This neo-pulp story, which details the machinations a porn-minded, scheming criminal, recalls the works of Gil Brewer and Donald E. Westlake.

 Next week's story: M.J. Iuppa's epigrammatic and analytical Defining Even.

Monday, October 26, 2015

Bone: Out of Boneville by Jeff Smith

(pb; 1991, 1994, 2005: graphic novel, collecting the first six issues of the comic book. First of nine graphic novels.)

From the back cover:

"After being run out of Boneville, the three Bone cousins -- Fone Bone, Phoney Bone, and Smiley Bone -- are separated and lost in a vast, uncharted desert. One by one, they find their way into a deep, forested valley filled with wonderful and terrifying creatures.

"Eventually, the cousins are reunited at a farmstead run by tough Gran'ma Ben and her spirited granddaughter, Thorn. But little do the Bones know, there are dark forces conspiring against them and their adventures are only beginning!"


Boneville is a fast-moving, word-spare and character-charming first collection of this children-friendly comic book, a work that had me constantly smiling and laughing. This is a great work, possibly landmark, with distinctive and equally charming artwork that further brought these characters and their world to life.

Boneville, the first of nine Bone graphic novels, is worth owning. Followed by Bone: The Great Cow Race.

Thursday, October 22, 2015

Rama Revealed by Arthur C. Clarke and Gentry Lee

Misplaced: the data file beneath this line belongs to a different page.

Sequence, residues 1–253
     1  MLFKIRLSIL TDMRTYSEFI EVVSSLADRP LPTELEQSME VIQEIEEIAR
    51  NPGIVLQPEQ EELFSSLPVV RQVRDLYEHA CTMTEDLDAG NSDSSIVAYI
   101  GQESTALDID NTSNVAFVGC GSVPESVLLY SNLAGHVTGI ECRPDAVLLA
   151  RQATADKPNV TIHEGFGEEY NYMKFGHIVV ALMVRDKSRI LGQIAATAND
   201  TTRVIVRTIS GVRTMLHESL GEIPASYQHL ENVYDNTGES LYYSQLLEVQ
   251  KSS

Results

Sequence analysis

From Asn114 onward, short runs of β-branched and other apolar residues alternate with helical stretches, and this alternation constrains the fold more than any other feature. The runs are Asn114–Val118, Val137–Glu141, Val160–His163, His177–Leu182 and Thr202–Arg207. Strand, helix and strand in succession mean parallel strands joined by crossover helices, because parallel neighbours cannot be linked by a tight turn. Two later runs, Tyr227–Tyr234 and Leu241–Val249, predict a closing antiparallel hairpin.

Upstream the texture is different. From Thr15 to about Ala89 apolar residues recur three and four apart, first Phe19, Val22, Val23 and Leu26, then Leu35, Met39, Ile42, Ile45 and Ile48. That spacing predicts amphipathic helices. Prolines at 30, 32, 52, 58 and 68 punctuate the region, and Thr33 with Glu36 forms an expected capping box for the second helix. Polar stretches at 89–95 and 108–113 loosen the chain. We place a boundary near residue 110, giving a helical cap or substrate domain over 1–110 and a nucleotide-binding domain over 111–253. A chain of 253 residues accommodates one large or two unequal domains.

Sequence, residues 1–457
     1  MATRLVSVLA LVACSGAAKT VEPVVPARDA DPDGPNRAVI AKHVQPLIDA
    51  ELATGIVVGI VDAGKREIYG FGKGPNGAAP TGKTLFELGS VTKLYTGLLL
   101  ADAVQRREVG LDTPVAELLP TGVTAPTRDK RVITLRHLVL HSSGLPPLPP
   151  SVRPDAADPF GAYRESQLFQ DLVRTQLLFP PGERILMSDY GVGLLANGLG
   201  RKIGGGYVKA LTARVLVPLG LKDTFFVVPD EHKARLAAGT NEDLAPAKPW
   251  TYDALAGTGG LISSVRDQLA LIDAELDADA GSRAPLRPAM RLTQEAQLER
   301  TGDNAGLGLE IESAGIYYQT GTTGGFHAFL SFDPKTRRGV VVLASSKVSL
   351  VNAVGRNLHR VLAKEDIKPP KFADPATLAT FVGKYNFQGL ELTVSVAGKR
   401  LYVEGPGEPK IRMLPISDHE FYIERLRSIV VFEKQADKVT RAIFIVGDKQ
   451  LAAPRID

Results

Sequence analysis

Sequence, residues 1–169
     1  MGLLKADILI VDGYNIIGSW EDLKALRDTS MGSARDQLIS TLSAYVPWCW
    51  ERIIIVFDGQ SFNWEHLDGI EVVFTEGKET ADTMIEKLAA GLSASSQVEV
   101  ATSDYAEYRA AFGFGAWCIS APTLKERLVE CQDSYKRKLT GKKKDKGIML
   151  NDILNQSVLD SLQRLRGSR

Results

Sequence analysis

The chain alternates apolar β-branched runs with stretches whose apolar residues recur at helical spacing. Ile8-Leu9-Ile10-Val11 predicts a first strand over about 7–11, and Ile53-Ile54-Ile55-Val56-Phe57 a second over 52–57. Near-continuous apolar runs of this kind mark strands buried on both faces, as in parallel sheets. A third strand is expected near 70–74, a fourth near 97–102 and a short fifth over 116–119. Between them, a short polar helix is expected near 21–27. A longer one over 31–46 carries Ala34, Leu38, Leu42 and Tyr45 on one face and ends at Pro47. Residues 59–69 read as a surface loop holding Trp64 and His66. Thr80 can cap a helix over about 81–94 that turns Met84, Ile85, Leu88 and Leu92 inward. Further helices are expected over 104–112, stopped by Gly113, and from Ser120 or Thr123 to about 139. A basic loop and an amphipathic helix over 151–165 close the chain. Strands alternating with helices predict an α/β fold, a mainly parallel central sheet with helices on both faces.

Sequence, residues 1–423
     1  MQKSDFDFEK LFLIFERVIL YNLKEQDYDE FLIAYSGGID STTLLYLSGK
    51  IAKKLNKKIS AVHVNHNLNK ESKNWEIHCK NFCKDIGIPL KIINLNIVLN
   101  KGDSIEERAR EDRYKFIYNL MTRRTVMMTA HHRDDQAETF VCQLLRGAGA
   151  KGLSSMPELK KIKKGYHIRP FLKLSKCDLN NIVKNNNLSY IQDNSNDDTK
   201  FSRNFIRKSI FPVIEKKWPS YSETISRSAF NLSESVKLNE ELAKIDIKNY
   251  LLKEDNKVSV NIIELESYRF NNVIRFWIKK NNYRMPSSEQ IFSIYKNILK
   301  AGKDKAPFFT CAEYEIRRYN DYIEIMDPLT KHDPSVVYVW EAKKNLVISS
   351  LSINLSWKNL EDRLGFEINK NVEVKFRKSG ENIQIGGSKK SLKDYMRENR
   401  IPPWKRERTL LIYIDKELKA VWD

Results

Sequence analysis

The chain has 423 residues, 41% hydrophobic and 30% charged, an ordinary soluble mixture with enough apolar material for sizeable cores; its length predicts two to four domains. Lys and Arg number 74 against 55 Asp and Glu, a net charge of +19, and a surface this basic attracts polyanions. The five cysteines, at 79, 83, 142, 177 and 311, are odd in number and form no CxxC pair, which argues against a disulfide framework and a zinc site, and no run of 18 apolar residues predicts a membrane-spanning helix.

(1994: fourth novel in the Rama quadrilogy)

From the inside flap:

"On its mysterious voyage through interstellar space, a massive, alien starship carries its passengers to the end of a generations-long odyssey. For the great experiment conceived by the Ramans has failed. Rama III, with its carefully designed Earth habitat, as well as environments to house other intelligent species, has become a battleground.

"Instead of creating a utopia, the human contingent has brought forth a tyrant who seeks to conquer the other sectors of the vast Raman ark. Cosmonaut Nicole des Jardins, a lone voice for reason who is now jailed and awaiting execution, is aided in a daring escape by two tiny robots. On New York island, the dark, brooding and deserted city in the midst of Rama III's cylindrical sea, Nicole is reunited with her long-lost husband, Richard Wakefield, whom she'd given up for dead.

"Joined by their children and other rebels from the Earth sector, Nicole and Richard enter New York's labyrinthine underground aboard a ghostly subway hoping to find the ship's secret inner workings. What they find instead is the emerald-domed lair of the technologically advanced species that rules this fabulous subraman world: the octospiders. These arachnidlike creatures are luring Nicole and the rebels into their domain, but the Earth group is divided as to whether the octospiders are allies or enemies. . ."


Rama Revealed is a dystopian, violent and occasionally exhilarating read (especially when the octospiders, avians and other aliens are present) -- that said, there is a silver lining to this dark, sometimes horrifying fiction-themed novel, which runs chatty and long, especially in the first quarter and last twenty pages.

This is a mood-consistent, satisfactory (if often disturbing) finish to the Rama series. If you are a long-time Clarke fan, do not expect much of Clarke's usual optimism regarding humanity in this series -- except in Rendezvous with Rama, which Gentry Lee did not co-author.